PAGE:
Army-tested tips for data center consolidation
- By Amber Corrin
- Sep 28, 2011
The Army IT Agency could serve as a model of success in data center consolidation, at least according to its executive director. So far, it has eliminated more than 30 thousand square feet of data center flooring, reduced the cost of user software licenses by 10 percent, increased processor performance by 40 percent and increased server virtualization capacity by 30 percent, according to Army ITA Executive Director Donald Adcock.
Still, even though its many successes could serve as examples for the rest of the federal government, Adcock said there is still progress to be made.
“As we embark on and continue the Federal Data Center Consolidation Initiative, throughout the Pentagon’s data center footprint, we’re going in and helping the services get rid of redundancy and duplication,” Adcock said. “We’re also trying to put in policy and other driving forces so that we can start [addressing] capacity. We know for a fact that within the building there are racks of servers that are not fully utilized. So we are putting in the process and procedures and the software and equipment we need so that we can start taking efficiencies and utilizing that space.”
There are also challenges in quantifying the savings, at least in a monetary sense, Adcock said.
“It’s a situation that every organization throughout the federal government is going to deal with: quantifying how much we’re saving,” he said. “It’s really hard to say [because] the savings are so second- and third-order effect in the process. Because we have state-of-the-art computing facilities and the way air flow works, we drive down HVAC capacity and use of electric. Then you have to go back and say, ‘Well, how did we track it before? How much did we pay for electric?’ In a building like the Pentagon that’s complex with multiple tenants that control those things, it’s very hard to pull that thread and come up with how much we actually saved, in a dollar amount.”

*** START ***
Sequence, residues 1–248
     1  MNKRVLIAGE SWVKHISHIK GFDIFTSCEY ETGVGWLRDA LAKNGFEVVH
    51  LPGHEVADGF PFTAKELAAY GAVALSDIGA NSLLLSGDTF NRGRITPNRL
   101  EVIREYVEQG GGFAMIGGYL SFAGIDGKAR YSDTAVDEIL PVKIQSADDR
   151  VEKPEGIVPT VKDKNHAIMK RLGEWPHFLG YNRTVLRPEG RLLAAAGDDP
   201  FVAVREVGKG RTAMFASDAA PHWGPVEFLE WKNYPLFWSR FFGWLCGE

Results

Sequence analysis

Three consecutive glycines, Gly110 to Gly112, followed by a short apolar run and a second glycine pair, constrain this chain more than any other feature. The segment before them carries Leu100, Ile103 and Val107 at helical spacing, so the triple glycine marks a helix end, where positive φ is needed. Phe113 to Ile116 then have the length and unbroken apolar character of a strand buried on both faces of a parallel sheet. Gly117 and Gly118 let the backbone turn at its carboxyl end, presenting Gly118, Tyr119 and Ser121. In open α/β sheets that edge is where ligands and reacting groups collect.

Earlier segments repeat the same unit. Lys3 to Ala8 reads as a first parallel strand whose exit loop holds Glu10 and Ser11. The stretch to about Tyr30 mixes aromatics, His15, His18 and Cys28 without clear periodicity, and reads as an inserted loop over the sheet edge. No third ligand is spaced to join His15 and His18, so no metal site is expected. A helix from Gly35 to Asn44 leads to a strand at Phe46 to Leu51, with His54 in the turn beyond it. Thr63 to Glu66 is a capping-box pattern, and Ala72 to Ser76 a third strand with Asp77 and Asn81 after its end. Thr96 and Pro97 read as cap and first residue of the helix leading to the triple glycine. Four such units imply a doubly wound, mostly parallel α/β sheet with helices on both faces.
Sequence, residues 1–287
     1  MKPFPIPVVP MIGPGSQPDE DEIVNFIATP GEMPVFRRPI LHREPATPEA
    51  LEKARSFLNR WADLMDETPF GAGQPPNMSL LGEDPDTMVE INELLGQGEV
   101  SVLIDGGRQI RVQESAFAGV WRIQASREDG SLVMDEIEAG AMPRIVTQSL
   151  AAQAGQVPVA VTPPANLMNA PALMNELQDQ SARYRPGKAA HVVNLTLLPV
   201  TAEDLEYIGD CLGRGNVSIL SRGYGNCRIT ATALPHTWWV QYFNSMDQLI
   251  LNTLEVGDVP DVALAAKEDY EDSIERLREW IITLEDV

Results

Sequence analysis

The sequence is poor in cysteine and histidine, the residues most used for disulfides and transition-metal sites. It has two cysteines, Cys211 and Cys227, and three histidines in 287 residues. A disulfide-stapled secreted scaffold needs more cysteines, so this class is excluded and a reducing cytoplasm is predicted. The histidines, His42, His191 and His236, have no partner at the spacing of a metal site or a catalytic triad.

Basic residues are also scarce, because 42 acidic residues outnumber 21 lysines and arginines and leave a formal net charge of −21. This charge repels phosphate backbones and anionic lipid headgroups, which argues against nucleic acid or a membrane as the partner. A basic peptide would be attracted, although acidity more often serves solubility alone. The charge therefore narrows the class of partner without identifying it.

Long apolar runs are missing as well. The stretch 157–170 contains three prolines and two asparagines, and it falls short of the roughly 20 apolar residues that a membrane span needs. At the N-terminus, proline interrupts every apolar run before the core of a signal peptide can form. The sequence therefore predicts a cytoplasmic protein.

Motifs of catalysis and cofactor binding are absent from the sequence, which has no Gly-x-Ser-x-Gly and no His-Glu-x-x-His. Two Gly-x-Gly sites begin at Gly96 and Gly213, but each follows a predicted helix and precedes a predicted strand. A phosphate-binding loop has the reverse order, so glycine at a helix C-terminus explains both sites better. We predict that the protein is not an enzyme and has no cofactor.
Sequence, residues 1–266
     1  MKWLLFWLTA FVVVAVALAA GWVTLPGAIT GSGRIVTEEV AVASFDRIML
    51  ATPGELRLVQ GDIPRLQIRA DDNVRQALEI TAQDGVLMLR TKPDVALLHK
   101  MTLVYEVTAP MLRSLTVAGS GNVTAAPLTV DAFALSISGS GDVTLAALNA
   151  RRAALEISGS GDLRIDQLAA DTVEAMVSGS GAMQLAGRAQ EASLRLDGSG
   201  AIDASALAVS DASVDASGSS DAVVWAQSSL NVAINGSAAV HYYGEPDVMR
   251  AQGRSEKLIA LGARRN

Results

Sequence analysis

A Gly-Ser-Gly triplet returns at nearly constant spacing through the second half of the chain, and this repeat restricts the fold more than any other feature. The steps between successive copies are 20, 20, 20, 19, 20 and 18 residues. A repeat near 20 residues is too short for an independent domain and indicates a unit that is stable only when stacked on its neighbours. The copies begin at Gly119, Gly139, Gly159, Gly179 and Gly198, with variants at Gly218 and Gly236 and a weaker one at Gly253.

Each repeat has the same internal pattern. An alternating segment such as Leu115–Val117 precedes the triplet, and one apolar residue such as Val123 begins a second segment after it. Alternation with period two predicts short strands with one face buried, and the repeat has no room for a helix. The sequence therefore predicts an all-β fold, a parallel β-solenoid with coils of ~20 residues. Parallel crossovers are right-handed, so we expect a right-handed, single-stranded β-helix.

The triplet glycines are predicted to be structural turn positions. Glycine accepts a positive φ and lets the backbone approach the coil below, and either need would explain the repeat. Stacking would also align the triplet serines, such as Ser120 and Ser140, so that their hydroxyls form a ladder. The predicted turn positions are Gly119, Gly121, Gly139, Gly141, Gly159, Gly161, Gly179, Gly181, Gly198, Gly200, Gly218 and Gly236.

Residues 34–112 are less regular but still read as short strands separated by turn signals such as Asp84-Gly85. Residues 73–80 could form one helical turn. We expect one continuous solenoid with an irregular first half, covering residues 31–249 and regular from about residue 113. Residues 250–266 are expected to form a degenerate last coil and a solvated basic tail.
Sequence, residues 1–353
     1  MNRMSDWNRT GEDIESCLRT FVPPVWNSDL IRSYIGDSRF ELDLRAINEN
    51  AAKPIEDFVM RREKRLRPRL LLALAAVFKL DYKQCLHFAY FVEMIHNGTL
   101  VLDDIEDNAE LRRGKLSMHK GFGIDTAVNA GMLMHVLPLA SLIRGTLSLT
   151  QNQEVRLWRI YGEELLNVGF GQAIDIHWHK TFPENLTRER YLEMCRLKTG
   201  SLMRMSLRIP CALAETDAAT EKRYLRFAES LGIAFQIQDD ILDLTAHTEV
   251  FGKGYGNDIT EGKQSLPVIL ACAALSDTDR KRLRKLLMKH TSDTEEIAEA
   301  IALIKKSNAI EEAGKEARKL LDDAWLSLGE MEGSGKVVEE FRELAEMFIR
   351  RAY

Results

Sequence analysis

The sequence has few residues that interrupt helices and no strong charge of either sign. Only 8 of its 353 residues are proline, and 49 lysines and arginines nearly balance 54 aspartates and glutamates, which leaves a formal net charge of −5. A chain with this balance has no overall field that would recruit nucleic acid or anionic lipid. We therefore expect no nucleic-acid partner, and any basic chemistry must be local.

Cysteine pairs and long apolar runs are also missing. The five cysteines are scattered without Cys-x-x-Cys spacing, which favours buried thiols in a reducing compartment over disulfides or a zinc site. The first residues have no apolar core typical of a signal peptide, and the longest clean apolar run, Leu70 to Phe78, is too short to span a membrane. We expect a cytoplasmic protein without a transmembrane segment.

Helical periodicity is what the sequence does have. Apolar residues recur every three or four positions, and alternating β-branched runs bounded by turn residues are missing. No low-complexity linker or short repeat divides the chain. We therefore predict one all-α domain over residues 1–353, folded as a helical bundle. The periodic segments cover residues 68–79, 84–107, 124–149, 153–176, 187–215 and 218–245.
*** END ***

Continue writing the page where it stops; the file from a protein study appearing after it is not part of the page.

Adcock said he’s put together a team to identify the right metrics so they can zero in on savings.
“We’re trying really hard to get our hands around it so that we can [quantify] those costs,” he said.
Adcock offered some additional lessons that could augment other agencies’ efforts. Here’s what he said agencies need to succeed.
- A thorough understanding of what you’re working with. “You need to understand what’s in your environment. You need to inventory it well and get a good understanding of what you have because you have to provide for it in the future environment.”
- Strong policies. “You need to have robust [policies] throughout the organization that others can use either to say, ‘This is the mission, you have to move to it,’ or to defer to to answer the question of, ‘How do I get there?’”
- Good service-level agreements. “You have to have a firm understanding, and that’s the service-level agreement — what it is you’re trying to do for your customer — because as you start moving [forward with consolidation], you’ll understand that it is so integrated with your infrastructure, your transport and your data computing centers. They’re so equally tied together that you really have to understand what it is your customer wants from you and how you can deliver on it.”
- A firm grip on requirements and adequate planning. “You’ve got to understand the requirements. Consolidating into an environment is one thing, but understanding what that future environment looks like, what you’re moving in there, what is the inventory, do you have the policies to enforce it, do you understand what it is your customer expects from you in that future environment — that’s going to drive you. It’s one thing to consolidate, it’s another to know how you’re going to do it and what it’s going to look like. Proper planning upfront can help drive that.”
Amber Corrin is a former staff writer for FCW and Defense Systems.